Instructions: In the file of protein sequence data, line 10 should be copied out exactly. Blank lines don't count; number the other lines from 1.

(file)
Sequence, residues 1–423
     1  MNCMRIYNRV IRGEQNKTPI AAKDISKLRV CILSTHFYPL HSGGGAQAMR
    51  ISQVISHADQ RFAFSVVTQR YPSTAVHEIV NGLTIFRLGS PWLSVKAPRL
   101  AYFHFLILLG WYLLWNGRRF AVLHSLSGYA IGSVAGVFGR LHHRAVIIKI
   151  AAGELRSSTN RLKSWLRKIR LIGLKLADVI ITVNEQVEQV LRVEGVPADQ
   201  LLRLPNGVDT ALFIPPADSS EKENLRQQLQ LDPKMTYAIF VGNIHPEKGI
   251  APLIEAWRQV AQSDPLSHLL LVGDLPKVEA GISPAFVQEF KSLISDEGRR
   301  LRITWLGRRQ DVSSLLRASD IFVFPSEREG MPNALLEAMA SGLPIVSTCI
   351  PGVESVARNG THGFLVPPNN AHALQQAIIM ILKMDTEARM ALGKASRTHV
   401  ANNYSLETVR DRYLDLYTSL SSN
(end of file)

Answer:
   401  ANNYSLETVR DRYLDLYTSL SSN